While the valve is open, a large quantity of cement is pumped down into the well below the valve member. The valve member is then closed. The well can then be controllably pressurized by pumping fluid, e.g. water, into the well. The small choke orifice in the valve member controls the rate of flow of the pressurizing fluid. This limits the rate at which the cement is pumped into the formation, controlling the disposition of the cement in the formation, while allowing very high pressures needed to force the cement into the formation to be used.
The invention will be better understood if reference is made to the accompanying drawings, in which:
FIG. 1 shows a cross-sectional view of a well drilled in the earth, exhibiting a typical condition to be corrected by employment of the tool of the invention;
FIG. 2 shows a first embodiment of the tool of the invention, disposed in a typical well environment, with the valve member in the closed position;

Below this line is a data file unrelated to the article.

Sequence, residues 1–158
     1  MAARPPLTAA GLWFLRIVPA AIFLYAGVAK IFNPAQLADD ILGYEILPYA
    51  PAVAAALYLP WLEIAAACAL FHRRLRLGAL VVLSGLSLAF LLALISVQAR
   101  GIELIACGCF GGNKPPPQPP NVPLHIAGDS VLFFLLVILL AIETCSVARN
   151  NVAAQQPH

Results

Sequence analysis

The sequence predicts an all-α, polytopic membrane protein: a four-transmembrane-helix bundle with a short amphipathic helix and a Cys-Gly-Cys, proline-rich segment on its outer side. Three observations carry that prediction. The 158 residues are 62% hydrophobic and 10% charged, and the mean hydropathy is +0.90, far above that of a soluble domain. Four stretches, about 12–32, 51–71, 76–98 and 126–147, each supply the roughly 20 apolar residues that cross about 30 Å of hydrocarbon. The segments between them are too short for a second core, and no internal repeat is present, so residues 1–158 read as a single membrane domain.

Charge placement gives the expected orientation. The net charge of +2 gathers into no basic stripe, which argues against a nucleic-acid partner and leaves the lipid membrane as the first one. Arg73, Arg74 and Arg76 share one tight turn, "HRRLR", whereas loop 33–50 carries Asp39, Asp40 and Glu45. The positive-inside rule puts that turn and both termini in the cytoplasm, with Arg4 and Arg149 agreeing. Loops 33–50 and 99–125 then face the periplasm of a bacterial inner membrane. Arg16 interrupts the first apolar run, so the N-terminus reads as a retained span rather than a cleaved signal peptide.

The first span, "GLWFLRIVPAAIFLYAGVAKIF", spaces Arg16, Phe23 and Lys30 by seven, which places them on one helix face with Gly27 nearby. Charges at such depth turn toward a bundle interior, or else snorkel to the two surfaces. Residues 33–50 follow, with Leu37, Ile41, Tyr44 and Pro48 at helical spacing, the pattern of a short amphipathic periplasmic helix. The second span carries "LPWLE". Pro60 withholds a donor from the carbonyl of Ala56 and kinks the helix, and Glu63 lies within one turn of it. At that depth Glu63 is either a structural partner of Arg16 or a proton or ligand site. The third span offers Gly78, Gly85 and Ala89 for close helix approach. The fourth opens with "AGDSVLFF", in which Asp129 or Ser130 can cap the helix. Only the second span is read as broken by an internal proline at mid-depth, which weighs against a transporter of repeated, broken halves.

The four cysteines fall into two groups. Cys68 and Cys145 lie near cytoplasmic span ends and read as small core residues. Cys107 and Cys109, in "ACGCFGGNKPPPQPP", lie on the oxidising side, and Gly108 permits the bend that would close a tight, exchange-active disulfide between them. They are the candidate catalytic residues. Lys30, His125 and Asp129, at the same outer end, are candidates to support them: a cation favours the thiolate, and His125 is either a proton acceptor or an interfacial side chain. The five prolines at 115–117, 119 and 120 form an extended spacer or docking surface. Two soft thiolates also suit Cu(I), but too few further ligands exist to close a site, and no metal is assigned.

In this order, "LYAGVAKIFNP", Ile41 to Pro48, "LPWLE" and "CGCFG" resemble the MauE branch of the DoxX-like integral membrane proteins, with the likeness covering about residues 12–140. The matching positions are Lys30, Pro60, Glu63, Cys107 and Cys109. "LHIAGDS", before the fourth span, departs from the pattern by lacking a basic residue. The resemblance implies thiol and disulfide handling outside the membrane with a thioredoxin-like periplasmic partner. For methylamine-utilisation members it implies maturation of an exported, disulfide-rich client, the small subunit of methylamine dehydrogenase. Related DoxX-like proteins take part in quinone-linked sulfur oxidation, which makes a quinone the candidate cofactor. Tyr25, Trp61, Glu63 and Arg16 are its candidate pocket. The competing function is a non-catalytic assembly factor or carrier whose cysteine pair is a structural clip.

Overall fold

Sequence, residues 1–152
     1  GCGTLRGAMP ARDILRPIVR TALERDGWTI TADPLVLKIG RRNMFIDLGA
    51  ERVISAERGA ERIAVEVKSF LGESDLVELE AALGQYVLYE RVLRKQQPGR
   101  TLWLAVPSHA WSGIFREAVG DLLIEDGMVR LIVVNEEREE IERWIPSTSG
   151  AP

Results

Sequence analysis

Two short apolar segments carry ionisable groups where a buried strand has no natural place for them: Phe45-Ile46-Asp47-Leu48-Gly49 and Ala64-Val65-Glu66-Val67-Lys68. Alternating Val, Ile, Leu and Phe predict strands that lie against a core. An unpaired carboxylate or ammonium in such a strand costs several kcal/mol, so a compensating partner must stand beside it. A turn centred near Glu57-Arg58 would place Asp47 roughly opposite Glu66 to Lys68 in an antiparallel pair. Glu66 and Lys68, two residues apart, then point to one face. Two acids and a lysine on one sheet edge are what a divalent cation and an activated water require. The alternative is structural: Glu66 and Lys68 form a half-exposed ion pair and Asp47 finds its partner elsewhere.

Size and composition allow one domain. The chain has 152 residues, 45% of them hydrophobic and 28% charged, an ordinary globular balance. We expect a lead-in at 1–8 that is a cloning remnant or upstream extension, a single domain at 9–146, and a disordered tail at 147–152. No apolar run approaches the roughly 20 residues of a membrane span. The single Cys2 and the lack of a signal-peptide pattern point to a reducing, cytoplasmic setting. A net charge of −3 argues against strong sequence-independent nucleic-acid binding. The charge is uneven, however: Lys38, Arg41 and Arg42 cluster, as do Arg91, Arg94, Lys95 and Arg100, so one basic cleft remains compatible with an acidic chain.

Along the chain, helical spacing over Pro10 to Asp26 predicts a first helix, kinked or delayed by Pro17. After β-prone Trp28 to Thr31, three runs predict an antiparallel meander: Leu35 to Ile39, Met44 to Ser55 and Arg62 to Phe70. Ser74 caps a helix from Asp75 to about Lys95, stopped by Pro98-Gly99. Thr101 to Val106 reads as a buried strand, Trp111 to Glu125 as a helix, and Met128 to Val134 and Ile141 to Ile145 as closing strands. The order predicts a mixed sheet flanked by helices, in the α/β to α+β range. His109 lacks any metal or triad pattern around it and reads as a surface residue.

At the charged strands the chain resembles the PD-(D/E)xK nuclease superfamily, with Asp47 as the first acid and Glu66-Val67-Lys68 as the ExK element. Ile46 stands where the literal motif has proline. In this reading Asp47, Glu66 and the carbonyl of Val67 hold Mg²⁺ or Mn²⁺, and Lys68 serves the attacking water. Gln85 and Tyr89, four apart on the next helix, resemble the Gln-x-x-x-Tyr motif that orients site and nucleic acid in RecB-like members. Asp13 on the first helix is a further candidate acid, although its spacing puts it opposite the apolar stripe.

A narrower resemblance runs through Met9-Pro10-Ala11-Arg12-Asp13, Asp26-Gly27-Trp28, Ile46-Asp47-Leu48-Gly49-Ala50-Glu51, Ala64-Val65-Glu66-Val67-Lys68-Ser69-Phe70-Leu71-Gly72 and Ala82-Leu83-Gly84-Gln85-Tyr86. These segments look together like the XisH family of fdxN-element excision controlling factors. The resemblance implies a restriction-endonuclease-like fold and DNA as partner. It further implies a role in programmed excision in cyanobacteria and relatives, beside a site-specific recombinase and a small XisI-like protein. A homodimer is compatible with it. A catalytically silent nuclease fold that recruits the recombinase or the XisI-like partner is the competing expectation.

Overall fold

FIG. 3 shows a cross-sectional view of a second preferred embodiment of the invention, with the valve in the open position;
FIG. 4 shows a corresponding view of the valve of FIG. 3 in the closed position;
FIG. 5 shows a cross sectional view along the line 5--5 of FIG. 3; and
FIG. 6 shows a cross sectional view along the line 6--6 of FIG. 3.
As indicated above, it is the primary object of the tool of the invention to control the rate at which cement is pumped from a well into a formation to be consolidated. Several distinct embodiments of a tool for so doing are disclosed in the present application. In each, the tool comprises an actuator which moves axially within a housing which is fixed in a desired position in the well by a "packer". A quantity of cement is disposed beneath the valve member of the tool, and the valve member is closed. However, the valve member has a small orifice or "choke" formed in it. Water or another fluid is then pumped down the well to force the cement through the casing into the perforation. The size of the choke controls the rate at which the water is pumped through the valve member and thus the rate at which cement is forced into the formation.